Addressing another press conference in Dhaka upon her return, Hasina asked the media to bear in mind that India was the only allied force in the world that voluntarily left the country they helped liberate. Apprising the local media of the outcome of her visit, she said, “I think this visit will play a very pivotal role in strengthening the existing excellent relations between India and Bangladesh”. Replying to a question on Teesta River Project, she said her government will accept the most beneficial proposal for Bangladesh and its people. She was quoted in the Bangladeshi media as saying - “We have taken Teesta projects. China and India have given separate proposals to implement the project. We must accept the proposal which will be more beneficial for the people of our country. But, we must consider how much the project is applicable for my country, how much its return will be helpful for the welfare of the people after its completion alongside the capability to repay the loan”. Informing that India had expressed the desire to send a technical team in this regard, she argued that Bangladesh has a longstanding issue over Teesta river water sharing with India, and “So, it will be easy for Bangladesh if India does the Teesta project. In that case, we won’t need to talk about the Teesta water sharing always. If there is a problem, there is a solution as well”. She concluded by expressing optimism that her two quick and brief visits to India will enhance bilateral relations. “The visits will open new doors for socio-economic development”, she stressed.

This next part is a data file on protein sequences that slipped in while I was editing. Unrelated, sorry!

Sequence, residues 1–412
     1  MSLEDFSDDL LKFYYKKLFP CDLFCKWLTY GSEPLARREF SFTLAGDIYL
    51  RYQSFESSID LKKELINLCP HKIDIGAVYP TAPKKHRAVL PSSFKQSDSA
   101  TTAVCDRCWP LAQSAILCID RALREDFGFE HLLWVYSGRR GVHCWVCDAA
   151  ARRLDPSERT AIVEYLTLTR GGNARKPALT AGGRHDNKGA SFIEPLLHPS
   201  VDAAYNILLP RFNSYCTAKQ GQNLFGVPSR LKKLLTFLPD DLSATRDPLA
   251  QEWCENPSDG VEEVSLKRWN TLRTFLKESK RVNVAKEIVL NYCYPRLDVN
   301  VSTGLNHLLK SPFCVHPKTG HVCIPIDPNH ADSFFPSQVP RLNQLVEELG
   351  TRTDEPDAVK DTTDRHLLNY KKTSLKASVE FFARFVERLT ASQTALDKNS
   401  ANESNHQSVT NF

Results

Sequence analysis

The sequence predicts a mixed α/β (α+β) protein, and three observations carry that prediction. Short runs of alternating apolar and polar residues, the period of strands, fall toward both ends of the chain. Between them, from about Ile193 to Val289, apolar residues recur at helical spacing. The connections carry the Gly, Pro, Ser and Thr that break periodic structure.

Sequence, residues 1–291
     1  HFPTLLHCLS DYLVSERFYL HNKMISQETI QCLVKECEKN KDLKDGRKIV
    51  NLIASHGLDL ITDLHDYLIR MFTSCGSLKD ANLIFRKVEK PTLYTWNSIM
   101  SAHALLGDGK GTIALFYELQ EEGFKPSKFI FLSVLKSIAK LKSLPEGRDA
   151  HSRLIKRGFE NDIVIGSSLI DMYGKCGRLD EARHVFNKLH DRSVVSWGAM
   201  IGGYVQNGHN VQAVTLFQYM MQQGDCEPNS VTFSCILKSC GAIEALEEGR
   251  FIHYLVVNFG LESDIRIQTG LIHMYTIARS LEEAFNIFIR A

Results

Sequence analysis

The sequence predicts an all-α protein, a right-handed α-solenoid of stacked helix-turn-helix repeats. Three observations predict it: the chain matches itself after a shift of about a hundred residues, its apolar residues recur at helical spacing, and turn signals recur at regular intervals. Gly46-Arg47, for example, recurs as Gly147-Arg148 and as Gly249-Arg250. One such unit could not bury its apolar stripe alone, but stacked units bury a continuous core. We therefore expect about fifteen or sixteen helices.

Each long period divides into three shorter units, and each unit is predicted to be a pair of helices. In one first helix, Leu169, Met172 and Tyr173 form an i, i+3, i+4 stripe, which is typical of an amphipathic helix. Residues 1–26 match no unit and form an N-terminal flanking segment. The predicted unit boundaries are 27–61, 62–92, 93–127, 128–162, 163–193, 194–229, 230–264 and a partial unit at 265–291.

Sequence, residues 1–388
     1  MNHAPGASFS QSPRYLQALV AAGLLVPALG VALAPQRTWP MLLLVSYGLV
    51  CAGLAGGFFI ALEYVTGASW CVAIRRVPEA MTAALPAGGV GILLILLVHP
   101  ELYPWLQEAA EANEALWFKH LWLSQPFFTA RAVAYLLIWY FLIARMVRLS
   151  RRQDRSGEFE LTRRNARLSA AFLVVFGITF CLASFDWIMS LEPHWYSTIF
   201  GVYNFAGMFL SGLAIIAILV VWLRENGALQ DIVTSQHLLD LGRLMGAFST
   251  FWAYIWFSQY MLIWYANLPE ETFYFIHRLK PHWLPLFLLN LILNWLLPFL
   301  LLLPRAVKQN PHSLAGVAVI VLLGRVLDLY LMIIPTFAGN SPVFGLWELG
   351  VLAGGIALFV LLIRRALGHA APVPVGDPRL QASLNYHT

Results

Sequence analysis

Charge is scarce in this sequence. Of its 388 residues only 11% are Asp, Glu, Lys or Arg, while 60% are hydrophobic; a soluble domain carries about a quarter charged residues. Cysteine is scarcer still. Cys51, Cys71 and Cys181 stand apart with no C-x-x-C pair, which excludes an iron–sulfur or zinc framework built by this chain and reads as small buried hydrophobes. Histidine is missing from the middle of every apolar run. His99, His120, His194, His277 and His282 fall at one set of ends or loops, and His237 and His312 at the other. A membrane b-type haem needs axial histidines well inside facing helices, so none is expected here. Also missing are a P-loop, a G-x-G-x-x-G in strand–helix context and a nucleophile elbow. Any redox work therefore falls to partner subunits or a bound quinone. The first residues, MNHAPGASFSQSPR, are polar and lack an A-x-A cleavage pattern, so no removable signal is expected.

Modi, on his part, said that Bangladesh “lies at the confluence of our 'Neighbourhood First' policy, Act East Policy, Vision SAGAR and the Indo-Pacific Vision”. Noting that the two countries had completed many important projects for public welfare in the last year alone, he said, "I reiterate India’s commitment to realizing Bangabandhu’s vision of a stable, prosperous and progressive Bangladesh”. He added, “Bangladesh is India’s largest development partner, and we give utmost priority to our relations with Bangladesh”. Modi announced that India will commence an e-medical visa facility to facilitate Bangladeshis seeking medical treatment to come to India. He further said that the two countries have concurred on the opening of a new Indian Assistant High Commission in Rangpur for the “convenience of the people of the North West region of Bangladesh”.